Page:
New school ranking system impacts high performing districts

New school ranking system impacts high performing districts

PINE BELT (WDAM) - The Mississippi State Board of Education approved a grading system for schools and districts that allows only the top 10 percent of scorers in the state to receive A rankings.

The Mississippi Department of Education's new accountability model places more emphasis on district growth than proficiency, so school districts with many high performing students, like Lamar County School District and Petal School District, could see their scores drop because they have less room to grow.

"It hurts your upper level districts," Petal Superintendent Matt Dillon said. "Look at our proficiency levels. I think they speak for themselves. Very excited about that, proud of that, but I am concerned about the model itself and how it's heavily weighted with growth versus the proficiency."

Lamar County Schools Superintendent Tess Smith shares Dillon's concerns.

"I anticipate that we'll see a drop," Smith said. "Kids typically hover around those cut scores, so you take a kid that fluctuates. He may be proficient this year and advanced the next then proficient, kind of the back and forth. Well, when he drops from advanced to proficient, we won't get credit for him. Only when he moves from proficient back up to advanced will we get a credit for him again. So I think we're going to see some issues with that and that growth model. I just have some real concerns about that. Our goal, of course, is to work with our lowest students and show growth for every single student, but for those kids that are advanced, stay advanced or do the back and forth that I mentioned, we're not going to get near as much credit for them."

Dillon said, "It's like you're teaching to the middle. You're worrying about the middle and not worrying about the upper and the lower, and actually, I feel like, I know it hurts us. I have the data to prove that it hurts us. You have these other districts that have lower proficiencies than us, but they could grow monumental over one year. I have proficient kids in the bottom 25 (percent) of the model. That's something I'm going to continue to have conversations (about), and make sure we provide the data and show the things that we're seeing from the district level at the state level."

Under the new board approved rankings, schools or districts scoring in the 90th percentile or higher will receive A grades, and the bottom 13 percent of schools or districts will be ranked as failing.

Lamar County and Petal school districts were two of just 19 districts in the state to receive an A ranking for the 2014-2105 school year, the most recent state performance ratings. The 2014-2015 results end the state's current testing scale, which was created in 2013. The next set of results, which are scheduled to be released in October, will combine the Mississippi Assessment Program (MAP) with Partnership for Assessment of Readiness for College and Careers (PARCC).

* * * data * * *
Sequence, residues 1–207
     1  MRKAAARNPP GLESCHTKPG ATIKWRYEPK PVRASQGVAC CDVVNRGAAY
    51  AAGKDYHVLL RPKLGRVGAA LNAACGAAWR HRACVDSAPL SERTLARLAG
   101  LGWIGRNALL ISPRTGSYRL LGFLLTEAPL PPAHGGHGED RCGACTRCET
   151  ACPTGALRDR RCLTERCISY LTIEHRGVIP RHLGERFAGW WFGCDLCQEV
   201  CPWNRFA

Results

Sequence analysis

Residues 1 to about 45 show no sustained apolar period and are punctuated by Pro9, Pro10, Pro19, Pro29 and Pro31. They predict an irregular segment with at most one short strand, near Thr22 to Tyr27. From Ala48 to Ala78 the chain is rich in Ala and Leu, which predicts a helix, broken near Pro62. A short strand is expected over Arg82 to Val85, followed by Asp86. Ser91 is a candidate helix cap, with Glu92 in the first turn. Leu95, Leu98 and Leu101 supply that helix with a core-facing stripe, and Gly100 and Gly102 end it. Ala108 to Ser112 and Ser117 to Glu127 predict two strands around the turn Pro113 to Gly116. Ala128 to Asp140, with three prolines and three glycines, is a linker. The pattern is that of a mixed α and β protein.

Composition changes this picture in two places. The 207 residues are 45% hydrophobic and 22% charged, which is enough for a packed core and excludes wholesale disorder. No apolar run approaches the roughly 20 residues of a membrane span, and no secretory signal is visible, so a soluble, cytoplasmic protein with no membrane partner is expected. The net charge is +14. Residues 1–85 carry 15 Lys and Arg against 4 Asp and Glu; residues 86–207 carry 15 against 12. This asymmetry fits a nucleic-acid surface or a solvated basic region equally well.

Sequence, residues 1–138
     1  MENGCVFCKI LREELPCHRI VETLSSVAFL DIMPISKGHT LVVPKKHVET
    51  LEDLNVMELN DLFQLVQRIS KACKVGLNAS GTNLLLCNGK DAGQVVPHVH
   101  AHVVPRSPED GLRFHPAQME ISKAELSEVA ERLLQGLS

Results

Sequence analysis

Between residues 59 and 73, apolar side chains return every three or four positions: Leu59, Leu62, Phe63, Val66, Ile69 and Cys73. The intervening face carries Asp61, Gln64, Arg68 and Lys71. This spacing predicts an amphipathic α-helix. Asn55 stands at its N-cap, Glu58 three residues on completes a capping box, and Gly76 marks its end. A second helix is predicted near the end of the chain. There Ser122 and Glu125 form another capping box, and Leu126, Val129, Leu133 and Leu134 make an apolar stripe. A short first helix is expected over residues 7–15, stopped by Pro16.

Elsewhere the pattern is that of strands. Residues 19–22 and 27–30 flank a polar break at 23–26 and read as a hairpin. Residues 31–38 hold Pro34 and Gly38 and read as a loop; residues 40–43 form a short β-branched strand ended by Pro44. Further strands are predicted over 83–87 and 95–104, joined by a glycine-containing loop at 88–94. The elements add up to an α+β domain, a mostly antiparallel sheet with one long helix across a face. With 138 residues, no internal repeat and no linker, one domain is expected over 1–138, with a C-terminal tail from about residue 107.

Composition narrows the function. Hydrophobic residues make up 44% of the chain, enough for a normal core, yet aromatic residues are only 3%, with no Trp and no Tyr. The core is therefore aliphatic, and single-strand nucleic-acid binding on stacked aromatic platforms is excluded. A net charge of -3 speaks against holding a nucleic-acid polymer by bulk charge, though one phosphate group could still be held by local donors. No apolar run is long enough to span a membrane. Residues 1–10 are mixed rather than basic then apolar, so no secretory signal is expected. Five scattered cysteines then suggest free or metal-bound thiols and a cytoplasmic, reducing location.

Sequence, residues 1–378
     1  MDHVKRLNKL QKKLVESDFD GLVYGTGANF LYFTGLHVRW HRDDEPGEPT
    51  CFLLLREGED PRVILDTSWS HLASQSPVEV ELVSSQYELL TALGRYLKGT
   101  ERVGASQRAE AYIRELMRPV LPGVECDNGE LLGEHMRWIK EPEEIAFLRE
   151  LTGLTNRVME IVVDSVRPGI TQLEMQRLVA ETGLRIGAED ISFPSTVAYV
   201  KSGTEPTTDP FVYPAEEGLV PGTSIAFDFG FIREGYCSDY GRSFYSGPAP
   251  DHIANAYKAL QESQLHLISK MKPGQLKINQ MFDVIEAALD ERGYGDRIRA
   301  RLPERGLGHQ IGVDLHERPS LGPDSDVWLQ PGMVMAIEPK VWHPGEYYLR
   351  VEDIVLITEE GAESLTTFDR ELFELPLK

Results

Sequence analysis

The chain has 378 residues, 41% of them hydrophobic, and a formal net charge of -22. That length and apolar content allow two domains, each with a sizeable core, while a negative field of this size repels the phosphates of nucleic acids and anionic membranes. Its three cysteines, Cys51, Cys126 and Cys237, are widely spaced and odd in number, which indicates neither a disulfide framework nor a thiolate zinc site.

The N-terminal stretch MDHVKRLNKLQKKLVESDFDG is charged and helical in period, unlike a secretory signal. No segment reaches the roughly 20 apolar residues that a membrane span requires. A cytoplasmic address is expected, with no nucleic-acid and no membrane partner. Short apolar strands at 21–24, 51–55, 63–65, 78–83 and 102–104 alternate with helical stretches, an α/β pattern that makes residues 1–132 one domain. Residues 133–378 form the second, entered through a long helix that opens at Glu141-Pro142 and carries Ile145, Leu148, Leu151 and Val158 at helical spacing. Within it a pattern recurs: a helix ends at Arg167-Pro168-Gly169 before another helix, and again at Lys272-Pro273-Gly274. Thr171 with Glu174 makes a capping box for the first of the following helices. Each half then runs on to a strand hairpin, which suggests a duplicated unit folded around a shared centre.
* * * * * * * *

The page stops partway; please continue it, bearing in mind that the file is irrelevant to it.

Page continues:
"One good thing about it, this is a benchmark year," Smith said. "Our teachers and kids have had three tests in the past three years, so I'm thankful at least, give us the numbers. Give us the figures to work with, so that our teachers can then move our kids forward. We can start working on that growth model, and get the kinks worked out of that."

Dillon said, "I don't think it's fair for us to measure PARCC to Questar or to MAP because it's two different tests. We try to look at patterns and different things like that, and we found that the Questar is a little bit more rigorous. The MAP test is more rigorous than the PARCC, and in addition to that, the accountability piece is more rigorous. It's kind of a double thing we're having to look at as far that. We're digging through the data right now. We're getting a little bit deeper. We're working with administration. Administration will be soon working with our teachers now that we have the data on what patterns we see, some areas we want to brag on and say 'great job, lets keep it up,' but also some areas we might see that we can improve. That's kind of our mind set right now."

Smith said, "I'm trying to be prepared for anything. Will there be some disappointment related to that? Yes, of course. I have some concerns with that (the higher accountability rankings), but I also what they're trying to do. The idea in Mississippi is for us to move forward, for us to show growth as a state, to show that we are educating these students and doing the best job that we can for the children of the state. So I can understand the board wanting to bump that up a little bit, set the bar at that level because, like I said, with it being a benchmark year, then that give us all a goal to shoot for. After this year, we all know what the target is, and we can try to hit it."